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Scientist Sheds New Light On Free Will

Jan 6, 2005
Metro-Vancouver, B.C., Canada
Scientist sheds new light on free will

By Tom Chivers, Daily Telegraph - October 13, 2010

For a man who thinks he's a robot, Prof. Patrick Haggard is remarkably cheerful about it. "We certainly don't have free will," says the leading British neuroscientist. "Not in the sense we think." It's quite a way to start an interview.

We're in the Institute for Cognitive Neuroscience, in Queen Square in London, the nerve centre -- if you will -- of British brain research. Haggard is demonstrating "transcranial magnetic stimulation," a technique that uses magnetic coils to affect one's brain, and then to control the body.

One of his research assistants, Christina Fuentes, is holding a loop-shaped paddle next to his head, moving it fractionally. "If we get it right, it might cause something." She presses a switch, and the coil activates with a click. Haggard's hand twitches. "It's not me doing that," he assures me, "it's her."

The machinery can't force Haggard to do anything really complicated -- "You can't make me sign my name," he says, almost ruefully -- but at one point, Christina is able to waggle his index finger slightly, like a schoolmaster. It's very fine control, a part of the brain specifically in command of a part of the body.

"There's quite a detailed map of the brain's wiring to the body that you can build," he says.

I watch as Christina controls Haggard's fingers like a marionette. The mechanical nature of it is unsettling. A graph on a screen shows his muscle activity plotted by time; 20 milliseconds after she clicks the button, it depicts an elegant leap and drop, like a heartbeat on an ECG. That 20 milliseconds is how long it takes for the signal to travel down his nerves. "The conduction time would be less from my jaw muscles, more from my leg muscles," he says. And as many of us will recognize, the process gets less effective as we age: "As I get older, the curve will move slowly to the right on the graph."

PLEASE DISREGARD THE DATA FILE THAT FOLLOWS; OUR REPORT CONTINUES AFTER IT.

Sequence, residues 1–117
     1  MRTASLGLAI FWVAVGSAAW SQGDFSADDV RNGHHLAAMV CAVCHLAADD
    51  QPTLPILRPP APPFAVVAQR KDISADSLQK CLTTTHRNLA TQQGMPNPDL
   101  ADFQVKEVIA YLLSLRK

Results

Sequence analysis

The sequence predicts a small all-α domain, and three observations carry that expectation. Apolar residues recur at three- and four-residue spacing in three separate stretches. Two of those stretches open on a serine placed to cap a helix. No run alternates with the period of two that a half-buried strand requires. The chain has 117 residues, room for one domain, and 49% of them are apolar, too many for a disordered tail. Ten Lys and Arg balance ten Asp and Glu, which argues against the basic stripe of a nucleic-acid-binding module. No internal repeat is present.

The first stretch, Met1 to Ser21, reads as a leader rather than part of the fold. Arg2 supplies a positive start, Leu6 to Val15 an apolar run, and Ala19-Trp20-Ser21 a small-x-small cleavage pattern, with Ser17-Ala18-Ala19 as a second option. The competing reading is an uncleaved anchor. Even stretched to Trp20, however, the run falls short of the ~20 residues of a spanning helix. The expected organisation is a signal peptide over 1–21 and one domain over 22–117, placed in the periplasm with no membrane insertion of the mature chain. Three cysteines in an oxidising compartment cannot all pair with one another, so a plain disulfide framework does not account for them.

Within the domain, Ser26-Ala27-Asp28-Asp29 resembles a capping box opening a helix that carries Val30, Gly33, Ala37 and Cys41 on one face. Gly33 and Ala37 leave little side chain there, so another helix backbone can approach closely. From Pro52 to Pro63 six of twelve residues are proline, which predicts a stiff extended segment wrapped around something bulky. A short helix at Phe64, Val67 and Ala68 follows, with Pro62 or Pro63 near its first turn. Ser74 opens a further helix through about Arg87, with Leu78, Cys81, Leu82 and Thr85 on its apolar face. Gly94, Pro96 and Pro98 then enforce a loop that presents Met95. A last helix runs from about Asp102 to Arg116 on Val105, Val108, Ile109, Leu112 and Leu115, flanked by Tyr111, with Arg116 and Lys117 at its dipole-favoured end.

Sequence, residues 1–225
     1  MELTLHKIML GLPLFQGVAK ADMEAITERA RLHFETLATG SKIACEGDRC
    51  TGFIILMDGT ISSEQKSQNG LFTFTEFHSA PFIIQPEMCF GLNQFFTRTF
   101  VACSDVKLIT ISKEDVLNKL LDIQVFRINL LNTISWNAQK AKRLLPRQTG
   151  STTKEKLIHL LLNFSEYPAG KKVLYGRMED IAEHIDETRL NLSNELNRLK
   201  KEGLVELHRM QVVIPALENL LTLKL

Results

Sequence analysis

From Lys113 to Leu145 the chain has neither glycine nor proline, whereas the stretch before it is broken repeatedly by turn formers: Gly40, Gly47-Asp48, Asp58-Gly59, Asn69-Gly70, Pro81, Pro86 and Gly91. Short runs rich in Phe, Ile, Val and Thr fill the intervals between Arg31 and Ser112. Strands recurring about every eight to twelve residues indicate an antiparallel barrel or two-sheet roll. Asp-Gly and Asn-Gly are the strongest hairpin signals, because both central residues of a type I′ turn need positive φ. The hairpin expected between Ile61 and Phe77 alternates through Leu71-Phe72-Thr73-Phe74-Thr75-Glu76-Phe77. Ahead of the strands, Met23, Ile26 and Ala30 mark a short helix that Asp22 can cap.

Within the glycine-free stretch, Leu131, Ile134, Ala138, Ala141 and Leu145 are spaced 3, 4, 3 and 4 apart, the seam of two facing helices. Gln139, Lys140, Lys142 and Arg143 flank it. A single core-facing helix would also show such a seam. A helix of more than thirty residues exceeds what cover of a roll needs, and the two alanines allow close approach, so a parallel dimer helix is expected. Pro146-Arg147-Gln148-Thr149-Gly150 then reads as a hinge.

The idea that our bodies can be controlled by an outside force is a pretty astonishing one. "This is absolutely out of my control," insists Haggard, as his muscles continue to move. "I'm not doing it, Christina is. I'm just a machine, and she is operating me."

What does this mean in terms of free will? "We don't have free will, in the spiritual sense. What you're seeing is the last output stage of a machine. There are lots of things that happen before this stage -- plans, goals, learning -- and those are the reasons we do more interesting things than just waggle fingers. But there's no ghost in the machine."

The conclusions are shocking: if we are part of the universe, and obey its laws, it's hard to see where free will comes into it. What we think of as freedom, he says, is a product of complexity. "An amoeba has one input, one output. If you touch it with one chemical, it engulfs it; with another, it recoils.

"If you see a light go green, it may mean press the accelerator; but there are lots of situations where it doesn't mean that: if the car in front hasn't moved, for example. The same stimulus sometimes makes me press the accelerator, but sometimes the horn. We are not one output-one input beings; we have to cope with a messy world of inputs, an enormous range of outputs. I think the term 'free will' refers to the complexity of that arrangement."

Slowly, however, we are learning more about the details of that complexity. This, Haggard says, has profound implications: philosophically, morally, and -- most worryingly -- legally. "We understand what brain areas are responsible for impulsive behaviour, and which bits are responsible for inhibiting that behaviour. There's a whole brain network associated with holding back from things you shouldn't do.

"What happens if someone commits a crime, and it turns out that there's a lesion in that brain area? Is that person responsible? Is the damage to the machine sufficient for us to exempt them from that very basic human idea that we are responsible for our actions? I don't know."

He refers to a major project in America, where "lawyers, neuroscientists, philosophers and psychiatrists are all trying to work out what impact brain science has on our socio-legal sense of responsibility."

© Copyright (c) The Vancouver Sun

source: http://www.{censored}/technology/Scientist+sheds+light+free+will/3663017/story.html
Oct 7, 2010
I really dont get the point, why he came up that we dont have free will.
Every individual have choices, and each choice we choose is on our own free will.


1947-2014 (Archived)
Jun 17, 2004
I really dont get the point, why he came up that we dont have free will.
Every individual have choices, and each choice we choose is on our own free will.

I understand your frustration. This topic tends to go in circles. That is just a basic reality of the topic itself. welcomekaur

One thing that I did and it helped me clear out the cob webs was read on the topic of "conditional free-will." It helped sort out the moral questions involved in the idea that if all is determined, then why do we make choices? If all is determined, then how do we have responsibility for our deeds? Try it out and see what you find. Let us know.




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